Jihad Azour
Director of the Middle East and Central Asia Department at the International Monetary Fund

Never Let a Crisis Go to Waste

Now is the time to address vulnerabilities in the Middle East and Central Asia’s emerging economies

Emerging market economies in the Middle East and Central Asia are confronting one of the most severe and widespread crises ever, with a confluence of fast-moving shocks ranging from the COVID-19 pandemic to financial market volatility, a plunge in oil prices, and domestic lockdown. The IMF currently expects this diverse group of economies—Armenia, Bahrain, Egypt, Georgia, Jordan, Kazakhstan, Lebanon, Morocco, Oman, Pakistan, Saudi Arabia, Tunisia, and the United Arab Emirates—to contract by 1.7 percent in 2020.

The pandemic is taking a toll on lives and livelihoods, and its full human and economic impact is still unknown. This crisis is also bringing to light external and fiscal vulnerabilities, which are limiting policy options for dealing with the economic fallout. If left unaddressed, these vulnerabilities could lead to a protracted economic recession with heightened regional uncertainty and other possible repercussions including social unrest.
Wide-ranging challenges

The region’s oil exporters are being hit by a dual blow to their fiscal and external positions from the plunge in oil prices by more than 50 percent since January, reaching its lowest level in nearly twenty years. At the same time, stay-at-home rules and other COVID-19 containment measures are disrupting tourism, transportation, and construction. As a result, fiscal balances will likely turn negative, exceeding 10 percent of GDP in several countries.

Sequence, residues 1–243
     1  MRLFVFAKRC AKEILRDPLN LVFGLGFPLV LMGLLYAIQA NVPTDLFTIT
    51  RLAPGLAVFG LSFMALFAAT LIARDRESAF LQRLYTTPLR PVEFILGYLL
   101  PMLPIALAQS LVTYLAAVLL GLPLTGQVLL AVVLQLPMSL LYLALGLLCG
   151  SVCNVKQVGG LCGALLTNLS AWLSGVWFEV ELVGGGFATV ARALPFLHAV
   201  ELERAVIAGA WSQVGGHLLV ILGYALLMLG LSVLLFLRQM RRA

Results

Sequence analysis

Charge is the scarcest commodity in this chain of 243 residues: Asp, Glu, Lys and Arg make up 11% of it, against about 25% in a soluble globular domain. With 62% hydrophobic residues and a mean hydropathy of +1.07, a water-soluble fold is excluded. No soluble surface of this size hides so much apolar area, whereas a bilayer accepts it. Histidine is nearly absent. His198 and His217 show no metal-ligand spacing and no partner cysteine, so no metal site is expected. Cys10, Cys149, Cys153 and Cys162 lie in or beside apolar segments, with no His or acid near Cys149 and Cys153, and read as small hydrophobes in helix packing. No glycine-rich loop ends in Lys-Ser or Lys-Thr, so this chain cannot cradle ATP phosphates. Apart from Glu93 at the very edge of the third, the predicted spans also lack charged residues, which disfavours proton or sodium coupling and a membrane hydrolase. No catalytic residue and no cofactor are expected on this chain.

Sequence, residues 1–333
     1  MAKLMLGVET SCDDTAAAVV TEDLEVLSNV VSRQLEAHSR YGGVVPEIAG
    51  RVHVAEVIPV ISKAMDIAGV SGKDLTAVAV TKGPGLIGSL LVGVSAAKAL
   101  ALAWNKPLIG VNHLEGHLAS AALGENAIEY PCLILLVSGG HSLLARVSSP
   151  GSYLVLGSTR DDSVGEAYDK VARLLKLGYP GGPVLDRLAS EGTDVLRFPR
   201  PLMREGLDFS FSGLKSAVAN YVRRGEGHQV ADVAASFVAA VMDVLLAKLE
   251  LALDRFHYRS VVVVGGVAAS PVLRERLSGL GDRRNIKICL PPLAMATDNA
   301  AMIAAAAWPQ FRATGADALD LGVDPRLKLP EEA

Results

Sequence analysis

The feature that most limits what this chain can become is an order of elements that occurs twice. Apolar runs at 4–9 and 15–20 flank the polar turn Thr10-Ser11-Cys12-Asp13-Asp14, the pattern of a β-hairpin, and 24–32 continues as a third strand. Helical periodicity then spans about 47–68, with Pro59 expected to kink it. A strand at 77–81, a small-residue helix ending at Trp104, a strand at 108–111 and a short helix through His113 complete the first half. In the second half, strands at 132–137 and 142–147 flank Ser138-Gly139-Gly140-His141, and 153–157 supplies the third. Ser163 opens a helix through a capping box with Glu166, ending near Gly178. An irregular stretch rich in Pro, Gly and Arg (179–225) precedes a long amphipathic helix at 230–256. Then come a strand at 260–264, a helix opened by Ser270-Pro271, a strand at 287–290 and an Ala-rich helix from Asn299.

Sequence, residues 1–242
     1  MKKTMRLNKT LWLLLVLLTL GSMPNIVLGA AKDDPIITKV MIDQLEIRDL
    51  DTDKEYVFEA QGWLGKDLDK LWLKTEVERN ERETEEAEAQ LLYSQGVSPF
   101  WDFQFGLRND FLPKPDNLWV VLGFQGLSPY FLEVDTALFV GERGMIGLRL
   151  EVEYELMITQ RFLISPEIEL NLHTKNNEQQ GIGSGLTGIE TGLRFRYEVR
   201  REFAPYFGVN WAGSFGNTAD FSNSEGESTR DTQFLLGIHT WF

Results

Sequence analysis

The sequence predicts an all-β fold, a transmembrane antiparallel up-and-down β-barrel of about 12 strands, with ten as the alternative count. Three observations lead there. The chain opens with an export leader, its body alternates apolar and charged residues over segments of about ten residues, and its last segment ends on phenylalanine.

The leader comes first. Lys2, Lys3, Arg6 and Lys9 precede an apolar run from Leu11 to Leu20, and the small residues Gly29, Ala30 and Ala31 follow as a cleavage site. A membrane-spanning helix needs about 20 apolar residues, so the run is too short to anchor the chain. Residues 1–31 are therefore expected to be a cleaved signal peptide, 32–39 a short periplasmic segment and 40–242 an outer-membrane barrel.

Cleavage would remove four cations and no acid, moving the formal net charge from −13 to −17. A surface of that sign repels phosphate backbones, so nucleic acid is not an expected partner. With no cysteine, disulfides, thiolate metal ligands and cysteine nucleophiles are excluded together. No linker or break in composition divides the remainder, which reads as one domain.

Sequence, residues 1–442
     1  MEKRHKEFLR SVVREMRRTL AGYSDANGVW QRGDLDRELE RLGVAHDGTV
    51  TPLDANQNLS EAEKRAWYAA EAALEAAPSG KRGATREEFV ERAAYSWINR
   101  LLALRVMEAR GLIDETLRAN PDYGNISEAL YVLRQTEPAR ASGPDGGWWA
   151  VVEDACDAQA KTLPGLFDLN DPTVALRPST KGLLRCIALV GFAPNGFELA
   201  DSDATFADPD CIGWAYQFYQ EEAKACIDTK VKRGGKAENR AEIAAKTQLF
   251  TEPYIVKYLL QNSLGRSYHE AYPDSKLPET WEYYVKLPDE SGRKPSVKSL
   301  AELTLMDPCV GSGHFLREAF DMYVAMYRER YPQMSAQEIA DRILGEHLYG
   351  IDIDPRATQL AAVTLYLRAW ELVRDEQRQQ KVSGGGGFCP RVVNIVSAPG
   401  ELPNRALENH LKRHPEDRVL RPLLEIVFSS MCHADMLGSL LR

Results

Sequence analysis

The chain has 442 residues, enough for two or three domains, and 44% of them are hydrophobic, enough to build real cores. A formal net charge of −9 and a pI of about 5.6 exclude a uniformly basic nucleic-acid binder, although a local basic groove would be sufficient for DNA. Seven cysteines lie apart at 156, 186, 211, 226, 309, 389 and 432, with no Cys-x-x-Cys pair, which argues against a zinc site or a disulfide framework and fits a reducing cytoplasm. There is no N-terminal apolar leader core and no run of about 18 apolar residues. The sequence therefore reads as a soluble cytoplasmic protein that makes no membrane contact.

Many of the region’s oil importers—such as Egypt, Jordan, Morocco, Pakistan, and Tunisia—entered the crisis with varying degrees of macroeconomic challenges. In addition, gains from lower oil prices are being offset by falling remittances and the pandemic’s impact on tourism and related sectors. For example, remittances amount to about 8 percent of GDP in Egypt and Pakistan and 13 percent of GDP in Lebanon, while retail and hospitality account for over 15 percent of GDP in Kazakhstan and Lebanon.

Public debt in the region’s emerging economies is expected to increase by $127 billion by end-2020, considerably limiting the scope for a strong fiscal response. As revenue falls short, countries like Oman and Tunisia have had no choice but to cut spending, while others such as UAE and Kazakhstan may see their non-oil fiscal position deteriorate markedly.

Moreover, financial conditions remain highly volatile. March and April saw sudden reversals of capital flows from emerging markets generally, with the region experiencing about $6 billion in outflows. While some of the regional emerging markets (e.g., Saudi Arabia, UAE, and Bahrain) regained access to international capital markets, others experienced capital outflows and a spike in sovereign spreads. Countries in the region could also face the challenge of refinancing up to $24 billion in maturing external sovereign debt in 2020, especially in countries where domestic financial markets are underdeveloped.